The problem of pre-existing conditions largely disappears when you own your own health insurance policy. With self-paid policies you might keep the same insurance for years no matter how many times you switch jobs. With employer-paid policies you get a new policy every time you have a change of jobs. If you develop a medical condition after you have had a policy for just a few months, the insurance company can say, “That condition existed before you signed up for this policy, so it is not covered.” But if you have had the policy for years, then the condition started on their watch and they must cover it.
Employer-based insurance suffers from the one-size-fits-all problem. What is right for one employee might be not at all right for another employee, but at most companies they both get the same insurance. If employers simply paid the employees directly whatever amount they were paying the insurance companies, then each employee could choose the kind of policy that is best for him and his family.
Now consider the not uncommon case of both spouses working and both receiving employee-paid health insurance. One of those insurance policies is useless, a waste of money. If something happens they can’t file claims under both policies. If instead, their employers paid them cash, they would buy just one policy; they might take the extra cash and put it into an HSA account.
If you have employer-paid insurance, you probably have no idea what the cost of that insurance is. Your employer pays the cost and doesn’t tell you what it was. When you don’t know the price of something, it is hard to be a smart consumer. It is even harder when you won’t benefit from any cost savings that you undertake.
If you buy your own insurance using money that your employer would have paid to buy his choice of insurance, then you can often greatly reduce total health care costs by shopping around. The Wall Street Journal reported on one surgeon who managed to reduce his patient’s out-of-pocket cost from $20,000 down to $3,000 with a few simple phone calls to an anesthesiologist and nearby hospitals.
So with all of its disadvantages, why do so many of us have employer-paid insurance? It is due to ill-thought out tax policy that gives an incentive for employers to buy insurance instead of paying that same money to employees and letting them buy insurance. (Did you think that politicians and bureaucrats never made bad decisions?) ObamaCare only exacerbates that same bad policy.
Real health care payment reform would give to individuals the same incentive given to businesses to buy health insurance.
Canadian Rose Oxford needed cataract surgery. The good news is that it would have been free. The bad news is that she may go blind before she finally gets the surgery.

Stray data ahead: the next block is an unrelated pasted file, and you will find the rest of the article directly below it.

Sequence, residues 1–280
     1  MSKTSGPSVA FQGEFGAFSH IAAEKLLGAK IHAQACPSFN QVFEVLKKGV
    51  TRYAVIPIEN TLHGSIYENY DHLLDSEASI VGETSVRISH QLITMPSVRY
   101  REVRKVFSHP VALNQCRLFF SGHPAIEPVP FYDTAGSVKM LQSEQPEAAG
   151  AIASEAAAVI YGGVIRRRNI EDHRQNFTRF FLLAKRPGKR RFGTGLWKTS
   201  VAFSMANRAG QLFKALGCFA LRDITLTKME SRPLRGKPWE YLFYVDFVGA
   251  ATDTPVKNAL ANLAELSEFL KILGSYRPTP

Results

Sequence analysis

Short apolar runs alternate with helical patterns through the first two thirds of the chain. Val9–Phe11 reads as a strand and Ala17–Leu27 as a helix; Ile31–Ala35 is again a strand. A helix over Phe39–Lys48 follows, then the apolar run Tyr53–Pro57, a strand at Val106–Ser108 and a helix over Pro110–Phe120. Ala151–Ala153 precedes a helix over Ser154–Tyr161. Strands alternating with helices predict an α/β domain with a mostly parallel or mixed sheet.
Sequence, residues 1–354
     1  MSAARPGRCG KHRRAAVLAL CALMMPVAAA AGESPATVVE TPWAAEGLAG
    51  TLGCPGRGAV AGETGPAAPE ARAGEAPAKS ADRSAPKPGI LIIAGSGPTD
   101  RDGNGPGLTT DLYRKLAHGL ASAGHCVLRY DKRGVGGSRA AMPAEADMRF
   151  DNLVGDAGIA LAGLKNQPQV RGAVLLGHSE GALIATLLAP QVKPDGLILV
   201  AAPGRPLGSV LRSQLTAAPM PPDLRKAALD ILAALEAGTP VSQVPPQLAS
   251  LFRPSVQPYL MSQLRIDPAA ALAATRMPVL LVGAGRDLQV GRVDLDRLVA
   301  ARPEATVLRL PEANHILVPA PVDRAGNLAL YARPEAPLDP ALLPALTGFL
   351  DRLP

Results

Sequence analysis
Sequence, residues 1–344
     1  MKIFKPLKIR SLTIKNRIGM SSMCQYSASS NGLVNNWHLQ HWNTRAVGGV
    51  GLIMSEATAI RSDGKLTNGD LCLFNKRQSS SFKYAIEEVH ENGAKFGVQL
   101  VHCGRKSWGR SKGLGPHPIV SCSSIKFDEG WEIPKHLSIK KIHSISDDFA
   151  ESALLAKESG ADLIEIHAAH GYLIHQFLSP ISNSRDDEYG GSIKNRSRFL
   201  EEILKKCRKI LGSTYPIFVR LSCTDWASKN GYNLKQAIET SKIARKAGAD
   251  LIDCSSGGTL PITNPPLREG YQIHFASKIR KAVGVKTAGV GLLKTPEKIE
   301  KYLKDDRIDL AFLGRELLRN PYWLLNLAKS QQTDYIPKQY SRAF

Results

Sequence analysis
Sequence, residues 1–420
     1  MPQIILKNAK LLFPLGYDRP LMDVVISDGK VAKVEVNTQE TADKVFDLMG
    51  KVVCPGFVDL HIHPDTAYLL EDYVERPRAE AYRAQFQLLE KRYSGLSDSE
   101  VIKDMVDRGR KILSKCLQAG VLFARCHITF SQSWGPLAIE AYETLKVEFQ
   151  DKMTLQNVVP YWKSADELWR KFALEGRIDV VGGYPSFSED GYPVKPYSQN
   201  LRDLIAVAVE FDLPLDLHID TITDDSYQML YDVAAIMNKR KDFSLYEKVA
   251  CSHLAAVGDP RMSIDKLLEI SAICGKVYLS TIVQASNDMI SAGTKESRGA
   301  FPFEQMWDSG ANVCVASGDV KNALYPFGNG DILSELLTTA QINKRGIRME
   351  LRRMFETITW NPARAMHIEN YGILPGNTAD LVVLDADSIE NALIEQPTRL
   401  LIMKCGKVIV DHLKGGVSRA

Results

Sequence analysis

Her October appointment was cancelled because the hospital exceeded its quota of surgeries; it was 200 procedures over budget. She now has a standby date in December, more than two months after her ophthalmologist detected the problem.
44% of New York MDs refuse to participate in ObamaCare; 33% are unsure whether they will or not. Of the 23% who are participating, three-quarters said it was because they were contractually obligated, leaving a mere 6% who actually want to join in ObamaCare. Those are some of the results of a poll reported in the NY Post.
Even more telling are some of the doctors’ comments.
- “This is so poorly designed that a lot of doctors are afraid to participate.”
- “I plan to retire if this disaster is implemented. This is a train wreck.”
- “The solution is simple: Just say no.”
- “I am seriously considering opting out of all insurance plans including Medicare because of [ObamaCare].”
- “OBAMACARE is a disaster. I have already seen denial of medication, denial of referrals,”
- “I get screwed from insurance companies already. I refuse to get screwed any longer.”
The politicians can force companies to provide insurance for their employees; they can force individuals to buy insurance. But they cannot force doctors to provide actual health care.
Everything that is really great and inspiring is created by the individual who can labor in freedom. — Albert Einstein
Lower costs, improved outcomes, better consumer experience – isn’t that what we would all like in health care? That’s not just a dream – it is the actual result of a growing number of physicians you might label “Do-it-yourself Health Reformers”. They haven’t been waiting around for politicians to fix the broken health care payment system; they have been implementing new models for the practice of health care.
Improved outcomes? How about 91% of patients achieving their target blood pressure within 6 months? (Compared to a national average of less than 50% of patients.) How about being named one of only four Cardiovascular Centers of Excellence in the state?
These physicians focus on keeping patients healthy and out of the expensive parts of the health care system, such as specialist offices, emergency departments, and hospitals. ER visits are down 62%, specialist referrals are down 55%, advanced radiology down by 48% and surgeries down by 73%.